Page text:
Sunday, January 25, 2009


Fear Mongering in the Bay State ?

Massachusetts is facing some heat on their new regulations aimed at restricting financial relationships between Doctors and Pharma.

No doubt medical conventions generate lots of revenue for the local cities hosting them, hotels, restaurants and other related services benefit from them.

It seems the spirit of the new regulations are not so well understood, and this is causing a few medical conventions to pull out of Boston. Either that, or there is some unnecessary fear mongering going on...Here are the draft guidelines

Having worked many years in the Pharma industry, I can tell you one thing that I thought was pretty silly - those pens and other free gadgets given out at the booth. I always thought, how is it that Doctors make it through all their high level education, yet we need to supply them with pens, prescription pads, sometimes even stethoscopes, clocks - the list goes on and on...These little gifts are basic things that Doctors should have in order to do their job. Additionally, it is wasteful stuff, harms the environment (which cause more illness), and spends years rotting in some landfill somewhere. Why do we think the motto of the Doctors we are trying to sell to is "Will work for graft?" Isn't it some sort of mockery of their intelligence? We should have someone do garbage detail at one of those conventions. You would be amazed to see how much of that stuff is thrown away right at the convention center or dumped and left later in the vacated hotel room.

Why is this so important? Because the Obama team is looking at the Massachusetts regulations and their Health Care reform as a model for a National Program.

Here's the convention piece from today's Boston Globe. Come back and join the discussion over here:

First TAKE OUR POLL at the LEFT of the page, then add your comments!

1.) These regulations are aimed at reducing costs incurred by Pharma that can and should be reduced, which would hopefully have a positive effect on the cost of deliverables to the consumers. Doesn't it make sense that this is a good starting point in helping health care be accessible by all?

2.) After reading the draft guidelines, do we really think that taking away graft is going to stop Doctors from doing the work they spent many hard years in school to finally earn the right to do? Will they really stop coming to conventions and thereby earning important CME credits?

3.) It seems to me that the guidelines do not deter company scientists from doing their work, yet that seems to be the "battle cry" from the other team. Are the Pharma industry claims justified?


  1. The fuss isn’t about mugs and pencils. It’s a rebellion against change.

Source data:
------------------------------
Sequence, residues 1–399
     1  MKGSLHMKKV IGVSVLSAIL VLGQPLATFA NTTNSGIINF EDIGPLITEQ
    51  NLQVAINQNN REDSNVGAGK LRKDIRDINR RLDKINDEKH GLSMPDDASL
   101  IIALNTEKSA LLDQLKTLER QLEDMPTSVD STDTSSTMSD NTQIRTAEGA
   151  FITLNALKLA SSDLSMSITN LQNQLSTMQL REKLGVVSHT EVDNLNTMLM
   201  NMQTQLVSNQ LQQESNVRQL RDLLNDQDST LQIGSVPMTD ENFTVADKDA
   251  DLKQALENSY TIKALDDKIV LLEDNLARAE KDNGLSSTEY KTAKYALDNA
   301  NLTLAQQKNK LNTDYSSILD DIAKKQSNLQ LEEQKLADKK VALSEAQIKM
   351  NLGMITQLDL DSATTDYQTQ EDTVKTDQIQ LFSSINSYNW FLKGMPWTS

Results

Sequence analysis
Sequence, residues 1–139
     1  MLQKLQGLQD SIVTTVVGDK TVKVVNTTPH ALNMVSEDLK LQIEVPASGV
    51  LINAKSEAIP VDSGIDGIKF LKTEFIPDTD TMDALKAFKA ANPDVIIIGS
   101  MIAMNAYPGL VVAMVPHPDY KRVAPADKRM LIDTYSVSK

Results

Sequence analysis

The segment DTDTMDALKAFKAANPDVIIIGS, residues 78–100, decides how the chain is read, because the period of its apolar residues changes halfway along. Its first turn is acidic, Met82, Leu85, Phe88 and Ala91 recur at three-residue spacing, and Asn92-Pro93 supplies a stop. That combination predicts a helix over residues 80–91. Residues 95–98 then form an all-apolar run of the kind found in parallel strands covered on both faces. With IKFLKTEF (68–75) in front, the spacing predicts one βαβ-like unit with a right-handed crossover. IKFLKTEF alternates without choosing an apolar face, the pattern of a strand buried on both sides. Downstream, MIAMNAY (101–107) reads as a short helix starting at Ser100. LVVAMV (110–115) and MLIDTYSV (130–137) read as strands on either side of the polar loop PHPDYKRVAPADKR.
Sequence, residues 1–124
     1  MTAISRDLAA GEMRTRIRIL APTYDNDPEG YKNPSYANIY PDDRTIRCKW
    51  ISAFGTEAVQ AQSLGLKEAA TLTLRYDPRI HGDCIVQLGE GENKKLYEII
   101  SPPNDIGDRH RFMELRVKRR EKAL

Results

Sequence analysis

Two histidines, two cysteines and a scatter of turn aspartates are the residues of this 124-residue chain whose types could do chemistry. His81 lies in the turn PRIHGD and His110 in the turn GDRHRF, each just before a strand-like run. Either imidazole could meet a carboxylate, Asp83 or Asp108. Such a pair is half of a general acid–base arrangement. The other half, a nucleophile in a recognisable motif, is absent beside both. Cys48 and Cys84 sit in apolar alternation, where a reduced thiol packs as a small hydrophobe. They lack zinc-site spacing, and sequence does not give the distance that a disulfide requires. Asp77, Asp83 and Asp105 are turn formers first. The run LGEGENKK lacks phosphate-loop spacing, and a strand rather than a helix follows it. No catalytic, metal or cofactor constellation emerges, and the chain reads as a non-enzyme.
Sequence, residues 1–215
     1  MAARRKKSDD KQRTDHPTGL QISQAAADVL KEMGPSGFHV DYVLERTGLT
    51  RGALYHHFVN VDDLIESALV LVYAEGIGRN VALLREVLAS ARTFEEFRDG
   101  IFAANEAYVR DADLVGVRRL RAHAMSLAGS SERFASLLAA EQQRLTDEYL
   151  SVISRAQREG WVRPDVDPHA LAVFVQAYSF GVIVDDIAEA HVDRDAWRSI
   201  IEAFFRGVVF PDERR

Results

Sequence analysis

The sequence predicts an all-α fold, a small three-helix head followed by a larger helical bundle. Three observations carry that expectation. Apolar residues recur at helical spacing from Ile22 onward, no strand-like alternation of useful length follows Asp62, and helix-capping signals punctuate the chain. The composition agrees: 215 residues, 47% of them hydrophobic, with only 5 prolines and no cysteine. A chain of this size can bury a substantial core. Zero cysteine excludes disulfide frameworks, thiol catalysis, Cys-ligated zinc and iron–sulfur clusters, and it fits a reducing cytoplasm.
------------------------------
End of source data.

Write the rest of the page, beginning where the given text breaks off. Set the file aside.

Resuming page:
What is the real reason some groups are threatening to pull out of Boston? It doesn’t bode well for the American Academy of Allergy, Asthma and Immunology; the American Society of Gene Therapy and the Heart Rhythm Society to change their plans when rules of ethics are being employed. Who will benefit from the "fear-mongering?" Certainly not the public's health.

    The establishment of “a code of conduct for pharmaceutical company employees” has become necessary. Sometimes, if not done voluntarily, ethics and morals need to be legislated.

  2. I confess I did not read all the guidelines, just the overview in the Globe.

    As I follow it, the key issue is CME and the claim, by docs and pharma involved, that presenters representing industry will be barred. Am I misunderstanding the _claim_? And is that, indeed, the core of the regs?

    As for trinkets, I think it is probably a minority of docs (and the rest of us) who are _not_ drawn to "free stuff" - regardless. The claim that pens, mugs, etc. "aren't the issue" or "aren't important" is true, but I think it misses the psychological reality. Most of us _are_ drawn to these things, and especially those in "entitled" professions. To the recipient, all these goodies are a confirmation of just how important they are - kinda like being oe of the "popular" kids in class. People like being wooed - even if it's with plastic toys.

  3. Former

    Why is the criticism of this proposed rule coming from Professional Medical Associations and not the pharmaceutical industry?


  4. The Pharma industry has indicated that the restrictions could potentially cause problems for the industry.

    However, these medical associations will move their convention if the Pharma industry feels they can no longer support them. However, the guidelines do not prevent from buying kiosk space. It is restricting activities that are not entirely CME.

  5. Dianne, you are right on the money. Medical professional organizations depend on drug and device company support. Rebel organizations will need to adjust to the new regulations, which are designed to protect the public’s health.

    Jim, thanks for posting the regulations.

    Justice, industry may provide FDA-regulated promotional activities, but not certified CME activities. Here are some of the differences between promotional activities and CME activities:

    Presenters are paid by the company to provide information about the company’s products.
    Companies write the presentations, which focus on how a specific product is used for a certain medical condition.
    Presenters may not discuss off-label use of the company’s product.

    Presenters discuss evidence-based information which aims to improve outcomes for individuals with medical conditions.
    Presenters must disclose conflicts of interest, and any conflicts must be resolved beforehand.
    CME providers write the lesson plans. Company sponsors do not provide feedback.
    Off-label use of products may be discussed if identified as such and evidence-based.

    Justice, is medical education the core issue? No, there is more here. To be continued...